Atheists: Would you like to believe there is a good god?

Into statistics? Curious what everyone else thinks? Then start a poll here.

Atheist: Would you like to believe in a good god?

Yes
12
46%
No
5
19%
Dont Care
9
35%
 
Total votes : 26

Postby spongebob » Wed Apr 04, 2007 9:34 am

Norton wrote:SB,

Take a Mississippi chill pill dude. I'm not judging you. I guess I'm now realizing that you (and maybe the others?) simply didn't like the question and didn't want to answer it and so you decided to answer a different question. That's fine. No big deal.


Take your own pill, Norton. I answered the question honestly and openly and you accuse me of answering a "different question" with your smarmy comment:

I think these answers reveal why Christians are sometimes skeptical of atheists. While I know everyone was being sincere, and I appreciate that, what I heard was: "No - I've already decided that a 'good god' isn't possible and so whatever you propose to me, I'm not going to accept it. And besides, I really don't care anyway."

Now, I've got to be real honest, there are a whole lot of very close-minded Christians. But I don't see how this kind of attitude is much different. Am I misrepresenting y'all, or is this true?


Yes, I think you are misrepresenting my post, at least. Did I really say what you accused me of? Let's just take a look, shall we?

This was the original question:
Atheists: Would you like to believe there is a good god?

Now I am not talking about the "christian" god, because that attribute of good strays to often into the realm of tyranny, violence, and hate. I'm simply asking from an objective pov, would it be a good thing to discover there really is a all good god?


I answered that given our current reality, I didn't see how a "good god" could fit and still make any sense without changing reality somehow. That disconnet is enough for me to say I don't want to believe in something that doesn't appear to be true. I also answered that I wouldn't care for a different reality, governed by a "good god" because I was happy with this reality and would not know what to expect from this different reality. IOW, I'm not sure I could know what it would look like, so I can't really say I would prefer it. If forced to answer if I would be happy to discover that a "good god" does exist in our current reality, I would say "no" because things would just make no sense at all to me. Perhaps this "good god" would be capable of explaining it in some way as to make me happy again, but that's speculation.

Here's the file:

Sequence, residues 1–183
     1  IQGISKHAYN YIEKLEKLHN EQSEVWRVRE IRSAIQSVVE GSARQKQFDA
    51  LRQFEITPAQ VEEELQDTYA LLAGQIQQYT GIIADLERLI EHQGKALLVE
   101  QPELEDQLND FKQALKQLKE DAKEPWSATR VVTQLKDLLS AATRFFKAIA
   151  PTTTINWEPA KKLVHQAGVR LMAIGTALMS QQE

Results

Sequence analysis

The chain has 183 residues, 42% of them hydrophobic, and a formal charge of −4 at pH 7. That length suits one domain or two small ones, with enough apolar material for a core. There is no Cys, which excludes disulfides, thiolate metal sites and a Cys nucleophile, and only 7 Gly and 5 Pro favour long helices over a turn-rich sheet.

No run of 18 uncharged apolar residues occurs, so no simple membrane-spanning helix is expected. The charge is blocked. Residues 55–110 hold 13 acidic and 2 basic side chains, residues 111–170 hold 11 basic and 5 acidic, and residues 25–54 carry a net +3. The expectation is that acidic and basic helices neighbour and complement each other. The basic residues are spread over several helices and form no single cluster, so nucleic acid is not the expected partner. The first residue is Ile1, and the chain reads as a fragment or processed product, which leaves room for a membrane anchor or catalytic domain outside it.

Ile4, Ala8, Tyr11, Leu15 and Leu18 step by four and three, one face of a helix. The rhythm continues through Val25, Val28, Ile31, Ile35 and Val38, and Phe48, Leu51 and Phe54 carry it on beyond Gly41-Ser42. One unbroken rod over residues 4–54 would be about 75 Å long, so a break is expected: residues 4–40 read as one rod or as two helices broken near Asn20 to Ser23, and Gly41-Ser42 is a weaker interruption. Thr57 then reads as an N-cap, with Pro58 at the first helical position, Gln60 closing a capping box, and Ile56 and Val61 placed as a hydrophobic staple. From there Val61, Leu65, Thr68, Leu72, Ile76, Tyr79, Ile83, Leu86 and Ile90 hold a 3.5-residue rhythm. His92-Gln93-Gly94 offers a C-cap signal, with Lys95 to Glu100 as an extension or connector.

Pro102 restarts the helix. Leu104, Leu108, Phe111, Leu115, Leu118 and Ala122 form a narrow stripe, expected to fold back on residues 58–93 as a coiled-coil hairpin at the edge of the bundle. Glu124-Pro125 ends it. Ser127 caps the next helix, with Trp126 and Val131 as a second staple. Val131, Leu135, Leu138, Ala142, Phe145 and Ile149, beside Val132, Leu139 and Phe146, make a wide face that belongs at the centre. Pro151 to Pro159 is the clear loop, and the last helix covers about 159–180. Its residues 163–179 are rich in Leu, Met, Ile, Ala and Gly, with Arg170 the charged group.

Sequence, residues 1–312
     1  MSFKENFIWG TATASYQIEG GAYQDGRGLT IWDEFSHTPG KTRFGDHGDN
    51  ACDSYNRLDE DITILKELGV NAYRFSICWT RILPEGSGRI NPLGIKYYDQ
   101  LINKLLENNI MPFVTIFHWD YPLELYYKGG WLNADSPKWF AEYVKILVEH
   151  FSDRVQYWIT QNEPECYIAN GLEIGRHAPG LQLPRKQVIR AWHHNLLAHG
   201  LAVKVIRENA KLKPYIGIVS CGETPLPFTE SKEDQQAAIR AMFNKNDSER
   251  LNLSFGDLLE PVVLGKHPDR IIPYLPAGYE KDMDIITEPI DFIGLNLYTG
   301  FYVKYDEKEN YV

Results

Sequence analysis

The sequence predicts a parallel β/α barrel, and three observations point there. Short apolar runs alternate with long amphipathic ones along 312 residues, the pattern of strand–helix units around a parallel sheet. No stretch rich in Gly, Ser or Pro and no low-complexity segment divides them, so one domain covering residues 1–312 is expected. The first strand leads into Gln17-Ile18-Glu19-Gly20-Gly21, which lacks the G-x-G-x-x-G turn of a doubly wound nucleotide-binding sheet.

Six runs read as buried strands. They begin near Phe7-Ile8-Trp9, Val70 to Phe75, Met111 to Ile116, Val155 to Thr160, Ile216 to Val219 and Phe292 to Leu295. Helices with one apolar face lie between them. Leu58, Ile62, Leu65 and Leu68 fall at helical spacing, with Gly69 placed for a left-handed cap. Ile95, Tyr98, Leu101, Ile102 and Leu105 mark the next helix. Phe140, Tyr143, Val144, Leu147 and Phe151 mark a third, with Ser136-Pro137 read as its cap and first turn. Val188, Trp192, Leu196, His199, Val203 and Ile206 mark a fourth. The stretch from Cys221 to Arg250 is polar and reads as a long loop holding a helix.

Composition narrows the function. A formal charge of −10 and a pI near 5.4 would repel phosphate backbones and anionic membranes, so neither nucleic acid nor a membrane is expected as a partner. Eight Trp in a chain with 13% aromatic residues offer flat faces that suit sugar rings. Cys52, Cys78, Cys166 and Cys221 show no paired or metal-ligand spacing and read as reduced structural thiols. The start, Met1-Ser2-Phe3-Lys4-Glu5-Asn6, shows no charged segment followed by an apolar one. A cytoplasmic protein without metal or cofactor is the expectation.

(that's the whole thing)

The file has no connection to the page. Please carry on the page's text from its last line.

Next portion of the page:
I feel that a question like this deserves more than a simple "yes" or "no". It's not as simple as asking if I want Coke or Pepsi. This also reflects the fact that I've given this notion a tremendous amount of thought. But, once again, you find a way to marginalize my answer, as you often do. This is typical Christian prejudice, finding fault with the answers of others simply because you disagree with them. Why can't you simply take it for what it's worth without judgment?

In fact, if we read the rest of the original post, we see that Omen asked the question because he has encountered Christians who see him as closed minded because of his atheism. His answer is different from mine and I disagree somewhat, but I don't marginalize his answer by saying that he didn't answer his own question.

The question stems from being accused quite often that I ( as an atheist myself ) "harden my heart" or "reject it out of hand because I do not want to believe". When obviously, I find the opposite to be true. I would clearly enjoy discovering proof of a real omni-benevolent god. Who wouldn't? It would be an all-good being. I think the chrsitain approaches with the idea that their specific god is actually omni-benevolent despite that attribute being highly questionable in the christian mythology.


But since I'm on a roll here, let's examine Norton's post:

It would be a wonderful thing if I discovered that Santa Clause was real and that he really did give gifts to people on Christmas Eve. That would be awesome!


OK, here's where we differ. In the reality in which I live, parents purchase the gifts their children receive on Xmas morning. So, if I discovered tomorrow that Santa Clause has always existed and has always brought toys to boys and girls, I'm going to be a little miffed. He's never brought anything to my kids, unless I miscounted the gifts on Xmas morning. And my folks admitted long ago that THEY were the ones buying all my gifts when I was a kid. So why didn't Santa bring me or my sister anything? You see how this works? Santa does not fit in our reality, so if he were suddenly found to be real, I would feel like I was living in a nightmare.

Now, it would be slightly different if a man suddenly appeared this Xmas to fill the Santa roll. He could be an alien or a man from the distant future, using vast technology to deliver toys around the globe, or just be pure magic. If he could demonstrate that he could do what he says he can do, then that wouldn't be so bad. But it would also change our reality as we know it. Parents would no longer sacrifice in order to buy nice things for their kids. Why should we when Santa will fill the order for free? Kids would begin to look up to this guy like never before. He might even hold true his warning to bad kids and thus help us out with discipline, but then he might not and do us a great disservice. People would flock to the North Pole to get a glimpse of him. A whole industry might spring up around North Pole tourism. And if Santa could exist, wouldn't that make it just as likely that elves would, too? And elves have Elven magic, don't they? And trolls couldn't be far behind, could they? Can you comprehend where I'm going on this, or is it too big a concept? Change one core element of reality and it's a different reality.